The high price of Federal Marijuana laws in a state where it is legal

The high price of Federal Marijuana laws in a state where it is legal

Prosecutors Push for Prison in Marijuana Cases Despite Legalization in New York.

Prosecutors in US District Court still call for prison for marijuana crimes, cite its status as illegal under federal law.

Marijuana plants grow in New York state. Marijuana is legal in the state, but it can still cause all kinds of legal problems for defendants at the federal level. 

Marijuana is legal in New York, but it can still cause all kinds of legal problems for defendants at the federal level. 

That includes the Capital Region’s Northern District of New York, where a prosecutor was quick to note that pot remains illegal federally.

“Through their elected representatives in Congress, the citizens of this country have made the distribution of marijuana a crime,” Assistant U.S. Attorney Jeffrey C. Stitt wrote in a sentencing recommendation to U.S. District Judge Mae D’Agostino in the case of Bozidar Saranovic, of Fort Lee, N.J. 

Saranovic, 49, a native of Montenegro and a married father of two children who has no prior criminal record, previously pleaded guilty to one count of possession with intent to distribute more than one hundred kilograms of marijuana. Under federal law, Saranovic technically faces five to 40 years in federal prison for the crime. Federal sentencing guidelines dictate a far more lenient term of 18 to 24 months in Saranovic’s case. 

Stitt asked the judge to sentence Saranovic to an unspecified prison term.

“Despite momentum to legalize marijuana, it remains illegal in this country and the illicit trafficking of marijuana remains a lucrative undertaking with violent underpinnings,” Stitt stated. “In engaging in marijuana trafficking, the defendant evidenced disrespect for the laws of the United States.”

Of course, the laws of 24 states, including New York, legalize the recreational use of marijuana. Capital Region residents can legally purchase marijuana and not worry about any local criminal charges. What they clearly cannot do, according to Stitt, is transport marijuana the way Saranovic moved marijuana: in violation of federal law.

On July 26, 2021, Saranovic agreed to transport 300 pounds of marijuana from the Canadian border to New York City in a gray Mercedes Metris van in exchange for $18,000. State Police stopped Saranovic in Schroon Lake about 2 p.m.  A trooper learned that Saranovic was driving with a suspended license. Saranovic quickly told the trooper about the marijuana, which was kept in 312 heat-sealed packages within 14 cardboard boxes.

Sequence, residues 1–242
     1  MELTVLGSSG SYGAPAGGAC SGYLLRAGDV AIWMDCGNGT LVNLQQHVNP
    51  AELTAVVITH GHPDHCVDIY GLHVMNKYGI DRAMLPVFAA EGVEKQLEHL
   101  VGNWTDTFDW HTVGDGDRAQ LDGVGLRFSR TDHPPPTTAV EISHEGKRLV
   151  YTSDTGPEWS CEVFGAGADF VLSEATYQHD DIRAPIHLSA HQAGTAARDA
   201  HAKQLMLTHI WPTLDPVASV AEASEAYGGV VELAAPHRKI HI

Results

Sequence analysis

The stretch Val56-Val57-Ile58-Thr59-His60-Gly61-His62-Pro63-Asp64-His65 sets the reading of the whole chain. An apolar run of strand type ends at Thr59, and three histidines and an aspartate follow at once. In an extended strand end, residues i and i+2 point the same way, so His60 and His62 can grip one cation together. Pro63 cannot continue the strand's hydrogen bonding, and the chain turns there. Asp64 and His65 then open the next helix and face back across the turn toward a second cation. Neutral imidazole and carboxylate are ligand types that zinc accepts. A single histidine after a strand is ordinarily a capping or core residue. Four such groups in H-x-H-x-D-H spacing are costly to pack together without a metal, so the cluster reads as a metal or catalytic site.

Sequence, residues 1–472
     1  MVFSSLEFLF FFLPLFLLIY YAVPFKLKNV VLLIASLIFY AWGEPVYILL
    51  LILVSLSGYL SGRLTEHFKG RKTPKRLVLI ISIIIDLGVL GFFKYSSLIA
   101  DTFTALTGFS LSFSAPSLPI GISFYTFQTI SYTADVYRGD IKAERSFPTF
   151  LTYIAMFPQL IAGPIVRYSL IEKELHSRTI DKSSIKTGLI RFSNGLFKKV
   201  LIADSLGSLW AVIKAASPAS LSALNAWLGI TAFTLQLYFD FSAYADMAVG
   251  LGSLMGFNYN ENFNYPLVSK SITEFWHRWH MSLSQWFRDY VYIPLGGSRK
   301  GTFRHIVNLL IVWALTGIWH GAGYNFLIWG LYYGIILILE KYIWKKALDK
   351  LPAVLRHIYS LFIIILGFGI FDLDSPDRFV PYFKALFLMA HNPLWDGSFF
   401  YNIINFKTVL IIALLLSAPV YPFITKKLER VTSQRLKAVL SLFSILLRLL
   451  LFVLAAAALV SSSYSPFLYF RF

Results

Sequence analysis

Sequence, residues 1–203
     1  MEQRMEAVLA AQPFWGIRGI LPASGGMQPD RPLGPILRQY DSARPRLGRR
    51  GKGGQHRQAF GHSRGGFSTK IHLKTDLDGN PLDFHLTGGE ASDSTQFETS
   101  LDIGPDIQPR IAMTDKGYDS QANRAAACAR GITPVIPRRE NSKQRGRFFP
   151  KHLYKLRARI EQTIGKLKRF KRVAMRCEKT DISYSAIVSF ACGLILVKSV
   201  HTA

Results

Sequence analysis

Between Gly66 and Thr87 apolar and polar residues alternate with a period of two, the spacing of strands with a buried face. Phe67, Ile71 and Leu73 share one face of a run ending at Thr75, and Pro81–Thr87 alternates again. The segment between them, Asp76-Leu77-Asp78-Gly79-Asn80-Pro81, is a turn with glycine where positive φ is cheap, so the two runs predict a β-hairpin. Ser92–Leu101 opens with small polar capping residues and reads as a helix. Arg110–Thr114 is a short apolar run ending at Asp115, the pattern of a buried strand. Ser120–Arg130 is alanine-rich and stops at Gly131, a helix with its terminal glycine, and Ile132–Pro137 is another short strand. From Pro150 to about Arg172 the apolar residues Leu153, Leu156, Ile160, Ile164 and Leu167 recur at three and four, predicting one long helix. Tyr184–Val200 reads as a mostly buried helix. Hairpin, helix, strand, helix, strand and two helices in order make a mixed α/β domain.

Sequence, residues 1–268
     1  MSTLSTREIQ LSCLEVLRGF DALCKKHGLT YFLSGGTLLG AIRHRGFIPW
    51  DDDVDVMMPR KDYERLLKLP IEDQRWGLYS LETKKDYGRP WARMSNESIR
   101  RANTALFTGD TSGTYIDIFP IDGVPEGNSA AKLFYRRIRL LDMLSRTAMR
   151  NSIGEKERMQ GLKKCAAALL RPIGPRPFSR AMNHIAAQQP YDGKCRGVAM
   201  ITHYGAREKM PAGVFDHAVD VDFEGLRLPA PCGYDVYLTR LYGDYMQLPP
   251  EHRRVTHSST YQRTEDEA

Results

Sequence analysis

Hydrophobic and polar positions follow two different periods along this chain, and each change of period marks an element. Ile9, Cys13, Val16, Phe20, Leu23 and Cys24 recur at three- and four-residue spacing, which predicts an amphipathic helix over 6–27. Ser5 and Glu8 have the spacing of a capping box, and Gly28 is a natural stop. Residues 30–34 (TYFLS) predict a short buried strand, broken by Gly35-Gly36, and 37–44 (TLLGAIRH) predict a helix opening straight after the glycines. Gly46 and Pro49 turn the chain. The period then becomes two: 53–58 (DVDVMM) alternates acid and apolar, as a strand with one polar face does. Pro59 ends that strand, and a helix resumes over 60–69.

“I lost a lot of money,” Saranovic said, according to his attorney.

Assistant Federal Public Defender John J. Gilsenan portrayed his client as a cash-starved and debt-ridden man whose three-employee window and door business had been crumbling due to the pandemic. Citing letters from Saranovic’s family and friends, Gilsenan said Saranovic’s arrest was an aberration for a man who had helped dozens of fellow Montenegrins integrate into America.

Saranovic’s conviction was a “singular moral failing in what has been an otherwise admirable life,” Gilsenan told D’Agostino.

He asked for a sentence of time already served.

Srdjan Djuretic, a Montenegrin who grew up with Saranovic in their native land, told the judge in a letter that Saranovic had been worried about caring for his wife and two children, ages 20 and 22.

“He was struggling, and he could barely provide for his family,” Djuretic wrote D’Agostino. “Unfortunately, he made a mistake and has fully accepted it.”

In his sentencing recommendation, Stitt was not offering leniency. He told the judge that Saranovic “furthered the interests of a drug trafficking organization by transporting bulk marijuana and being available to an organization which depends on mules like the defendant.”

Saranovic will learn his legal fate on Jan. 5.

His case is far from the only one in which the involvement of marijuana led to serious problems for defendants. Rosemary Coles, the 71-year-old now former member of the Troy school board, pleaded guilty in July to conspiring to move more than 1,000 kilograms of marijuana between California and the Capital Region. 

And more recently, Mufid Fawaz Alkhader, the 28-year-old Schenectady man charged with firing two shotgun blasts outside the Temple Israel synagogue in Albany on Dec. 7, faced a new charge — and the potential of 15 years in prison — specifically because federal prosecutors allege the Iraqi-born U.S. citizen was using marijuana at the time of the incident.

Much like it is against federal law for a convicted felon to possess a firearm, the use of marijuana makes a defendant unlawful to possess a firearm.

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Region: United States


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